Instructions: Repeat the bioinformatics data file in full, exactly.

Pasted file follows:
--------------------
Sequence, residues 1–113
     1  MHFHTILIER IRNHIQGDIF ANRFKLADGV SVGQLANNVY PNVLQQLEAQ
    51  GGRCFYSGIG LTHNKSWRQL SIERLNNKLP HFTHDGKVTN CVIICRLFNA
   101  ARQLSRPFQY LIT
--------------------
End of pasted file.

Sequence, residues 1–113
     1  MHFHTILIER IRNHIQGDIF ANRFKLADGV SVGQLANNVY PNVLQQLEAQ
    51  GGRCFYSGIG LTHNKSWRQL SIERLNNKLP HFTHDGKVTN CVIICRLFNA
   101  ARQLSRPFQY LIT